Middle East

Palestinian UN observer state bid on 29 November

Mahmoud Abbas speaks on the anniversary of the death of Yasser Arafat (11 November 2012)
Image caption Mahmoud Abbas wants Palestine to be admitted as an observer state based on pre-1967 boundaries

The Palestinian Authority will present its bid for Palestine to become a UN "non-member observer state" on 29 November, President Mahmoud Abbas says.

The request is being made despite US and Israeli opposition.

Mr Abbas said that if the bid were successful, he would begin negotiations with Israel "the next day".

A Palestinian bid to join the international body as a full member state in 2011 failed because of a lack of support at the UN Security Council.

Currently, the Palestine Liberation Organisation (PLO), the umbrella group which represents most Palestinian factions and conducts negotiations with Israel, only has "permanent observer" status at the UN.

Mr Abbas, who is also chairman of the PLO, wants Palestine to be admitted as a non-member observer state based on the boundaries which existed before Israel occupied the the West Bank, East Jerusalem and the Gaza Strip during the 1967 war.

Mr Abbas said: "We don't want any confrontations with the United States or Israel. If we could start a dialogue or negotiations the day after the vote, we will."

Financial penalties threat

Being a non-member observer state - a status already held by the Vatican - would improve the Palestinians' chances of joining UN agencies and the International Criminal Court, although the process would be neither automatic nor guaranteed.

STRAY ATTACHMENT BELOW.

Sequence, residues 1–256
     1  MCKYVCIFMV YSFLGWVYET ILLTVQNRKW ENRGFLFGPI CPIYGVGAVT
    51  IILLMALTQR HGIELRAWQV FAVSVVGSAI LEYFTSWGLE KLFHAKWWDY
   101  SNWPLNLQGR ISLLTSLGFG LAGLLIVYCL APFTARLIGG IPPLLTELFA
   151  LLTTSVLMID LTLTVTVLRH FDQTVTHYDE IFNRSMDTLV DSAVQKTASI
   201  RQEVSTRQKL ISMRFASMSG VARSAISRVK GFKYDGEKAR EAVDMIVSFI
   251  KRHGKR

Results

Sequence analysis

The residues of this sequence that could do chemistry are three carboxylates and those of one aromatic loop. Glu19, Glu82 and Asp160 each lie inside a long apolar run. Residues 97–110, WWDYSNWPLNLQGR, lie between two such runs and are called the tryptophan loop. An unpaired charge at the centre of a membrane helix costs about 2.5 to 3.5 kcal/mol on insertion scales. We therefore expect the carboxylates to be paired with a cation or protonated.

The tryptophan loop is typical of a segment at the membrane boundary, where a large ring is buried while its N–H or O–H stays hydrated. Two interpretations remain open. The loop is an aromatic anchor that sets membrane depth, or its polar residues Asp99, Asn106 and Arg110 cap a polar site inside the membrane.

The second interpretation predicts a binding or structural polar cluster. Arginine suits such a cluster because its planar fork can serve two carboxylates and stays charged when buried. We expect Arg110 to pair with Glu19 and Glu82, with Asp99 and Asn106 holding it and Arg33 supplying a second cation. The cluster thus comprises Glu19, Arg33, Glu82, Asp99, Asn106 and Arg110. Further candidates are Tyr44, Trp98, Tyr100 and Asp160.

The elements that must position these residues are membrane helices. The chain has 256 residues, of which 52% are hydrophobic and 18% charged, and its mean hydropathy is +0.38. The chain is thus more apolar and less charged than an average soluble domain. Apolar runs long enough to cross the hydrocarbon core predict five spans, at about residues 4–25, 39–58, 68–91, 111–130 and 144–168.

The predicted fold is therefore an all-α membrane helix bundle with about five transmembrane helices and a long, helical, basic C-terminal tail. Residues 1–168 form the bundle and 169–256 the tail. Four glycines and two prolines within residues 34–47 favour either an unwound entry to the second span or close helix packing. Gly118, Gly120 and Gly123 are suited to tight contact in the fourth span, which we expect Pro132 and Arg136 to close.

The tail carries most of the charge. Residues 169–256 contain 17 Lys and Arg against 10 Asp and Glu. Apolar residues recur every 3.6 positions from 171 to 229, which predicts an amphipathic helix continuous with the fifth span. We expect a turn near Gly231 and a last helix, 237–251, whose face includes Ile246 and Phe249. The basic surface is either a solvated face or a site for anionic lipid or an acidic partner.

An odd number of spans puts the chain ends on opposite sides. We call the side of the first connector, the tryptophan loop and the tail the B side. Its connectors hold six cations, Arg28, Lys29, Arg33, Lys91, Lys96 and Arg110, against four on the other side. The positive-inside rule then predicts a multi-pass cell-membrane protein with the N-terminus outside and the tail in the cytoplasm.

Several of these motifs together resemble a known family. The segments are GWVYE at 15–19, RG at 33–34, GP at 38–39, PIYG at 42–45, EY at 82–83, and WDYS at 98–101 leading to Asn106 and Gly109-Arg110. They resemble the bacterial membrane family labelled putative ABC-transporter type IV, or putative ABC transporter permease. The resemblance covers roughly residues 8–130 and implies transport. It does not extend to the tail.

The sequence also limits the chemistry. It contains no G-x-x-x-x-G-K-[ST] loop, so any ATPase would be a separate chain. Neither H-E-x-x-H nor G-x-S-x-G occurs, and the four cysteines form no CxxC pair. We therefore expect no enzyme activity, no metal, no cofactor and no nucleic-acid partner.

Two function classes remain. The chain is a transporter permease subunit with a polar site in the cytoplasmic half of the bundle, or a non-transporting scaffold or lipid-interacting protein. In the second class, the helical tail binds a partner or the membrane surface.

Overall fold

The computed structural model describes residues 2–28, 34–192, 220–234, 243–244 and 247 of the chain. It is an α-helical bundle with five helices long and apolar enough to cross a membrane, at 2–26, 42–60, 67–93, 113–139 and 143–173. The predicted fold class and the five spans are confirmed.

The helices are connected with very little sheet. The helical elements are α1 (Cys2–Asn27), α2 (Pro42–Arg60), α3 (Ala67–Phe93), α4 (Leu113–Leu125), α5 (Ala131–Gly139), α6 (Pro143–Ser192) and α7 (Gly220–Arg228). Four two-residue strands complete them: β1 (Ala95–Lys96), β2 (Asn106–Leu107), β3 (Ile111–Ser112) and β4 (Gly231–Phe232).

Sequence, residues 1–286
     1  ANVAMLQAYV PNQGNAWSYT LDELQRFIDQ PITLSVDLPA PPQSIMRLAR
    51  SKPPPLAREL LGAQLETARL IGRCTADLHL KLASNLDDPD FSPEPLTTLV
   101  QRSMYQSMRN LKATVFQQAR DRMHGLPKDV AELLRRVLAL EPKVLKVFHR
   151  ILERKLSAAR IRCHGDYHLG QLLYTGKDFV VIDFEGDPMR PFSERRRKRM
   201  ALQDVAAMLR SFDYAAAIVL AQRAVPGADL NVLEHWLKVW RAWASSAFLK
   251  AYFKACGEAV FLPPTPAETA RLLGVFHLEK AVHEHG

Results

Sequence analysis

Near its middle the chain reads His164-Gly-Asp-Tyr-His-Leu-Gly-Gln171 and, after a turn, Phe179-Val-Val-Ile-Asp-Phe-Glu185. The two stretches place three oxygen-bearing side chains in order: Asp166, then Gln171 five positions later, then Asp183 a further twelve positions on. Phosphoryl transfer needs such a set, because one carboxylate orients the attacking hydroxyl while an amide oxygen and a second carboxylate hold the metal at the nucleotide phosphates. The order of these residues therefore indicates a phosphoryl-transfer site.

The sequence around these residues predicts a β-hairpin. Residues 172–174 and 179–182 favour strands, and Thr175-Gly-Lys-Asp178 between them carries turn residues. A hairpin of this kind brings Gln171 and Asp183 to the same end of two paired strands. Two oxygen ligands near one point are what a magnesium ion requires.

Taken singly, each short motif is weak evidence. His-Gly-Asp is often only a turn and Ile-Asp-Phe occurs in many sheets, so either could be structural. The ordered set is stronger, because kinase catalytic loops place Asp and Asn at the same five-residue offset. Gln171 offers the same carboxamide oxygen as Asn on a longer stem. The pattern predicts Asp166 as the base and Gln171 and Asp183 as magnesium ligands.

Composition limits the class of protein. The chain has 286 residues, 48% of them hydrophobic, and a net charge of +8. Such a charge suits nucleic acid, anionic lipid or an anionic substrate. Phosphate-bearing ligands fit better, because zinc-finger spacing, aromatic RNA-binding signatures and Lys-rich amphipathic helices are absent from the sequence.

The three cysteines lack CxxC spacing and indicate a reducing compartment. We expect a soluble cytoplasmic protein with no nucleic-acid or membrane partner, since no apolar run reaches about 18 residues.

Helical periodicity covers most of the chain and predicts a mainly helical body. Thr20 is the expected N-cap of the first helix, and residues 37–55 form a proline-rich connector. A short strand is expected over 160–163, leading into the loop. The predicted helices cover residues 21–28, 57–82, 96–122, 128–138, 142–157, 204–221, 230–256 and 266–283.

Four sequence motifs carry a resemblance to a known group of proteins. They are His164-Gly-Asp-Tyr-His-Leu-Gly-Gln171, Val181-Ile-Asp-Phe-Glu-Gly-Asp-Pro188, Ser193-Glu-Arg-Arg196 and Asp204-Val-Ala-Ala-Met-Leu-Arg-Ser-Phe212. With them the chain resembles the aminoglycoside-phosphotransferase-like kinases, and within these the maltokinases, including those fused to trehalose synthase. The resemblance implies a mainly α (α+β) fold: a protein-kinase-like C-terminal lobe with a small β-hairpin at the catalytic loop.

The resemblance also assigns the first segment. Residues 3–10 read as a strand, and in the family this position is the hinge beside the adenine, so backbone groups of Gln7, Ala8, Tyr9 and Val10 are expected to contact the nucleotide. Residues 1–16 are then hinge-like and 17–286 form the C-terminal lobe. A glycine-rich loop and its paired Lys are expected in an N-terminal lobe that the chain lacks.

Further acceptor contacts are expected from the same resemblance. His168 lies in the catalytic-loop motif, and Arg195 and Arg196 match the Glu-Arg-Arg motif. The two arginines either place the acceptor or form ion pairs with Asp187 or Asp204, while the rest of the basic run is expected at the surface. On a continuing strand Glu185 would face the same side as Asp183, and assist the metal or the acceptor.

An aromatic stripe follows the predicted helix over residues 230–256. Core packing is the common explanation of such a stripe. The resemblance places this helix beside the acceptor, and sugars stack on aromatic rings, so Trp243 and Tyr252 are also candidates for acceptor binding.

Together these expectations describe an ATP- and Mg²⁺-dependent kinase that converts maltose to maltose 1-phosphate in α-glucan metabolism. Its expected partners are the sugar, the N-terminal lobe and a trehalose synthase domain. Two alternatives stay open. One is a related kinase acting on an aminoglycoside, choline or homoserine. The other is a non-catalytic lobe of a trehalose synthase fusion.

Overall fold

The request would be put to the UN General Assembly, where approval would require a simple majority of those present. There is no threat of veto, as there would be at the Security Council if the Palestinians sought full member-state status.

A draft copy of the Palestinian resolution was sent to member states on Wednesday.

The BBC's Jon Donnison in Ramallah says the request is likely to be approved.

However, Israel and the US have threatened financial penalties if the Palestinians press ahead with the UN bid, saying the only way to achieve an independent state is through negotiations, our correspondent adds.

Senior Palestinian official, Mohammed Shtayyah, said President Abbas had discussed the UN bid with President Barack Obama by telephone on Sunday, but that the US leader had offered nothing that would stop him from submitting a resolution.

The White House said Mr Obama had reiterated his "opposition to unilateral efforts at the United Nations" and "reaffirmed his commitment to Middle East peace and his strong support for direct negotiations".

Palestinian officials say the UN move is not an alternative to wider negotiations but something that could strengthen their hand in future talks.

But our correspondent says the situation is further complicated because Mr Abbas does not speak for all Palestinians. The rival Islamist group Hamas, which governs in Gaza says the UN approach is a waste of time.

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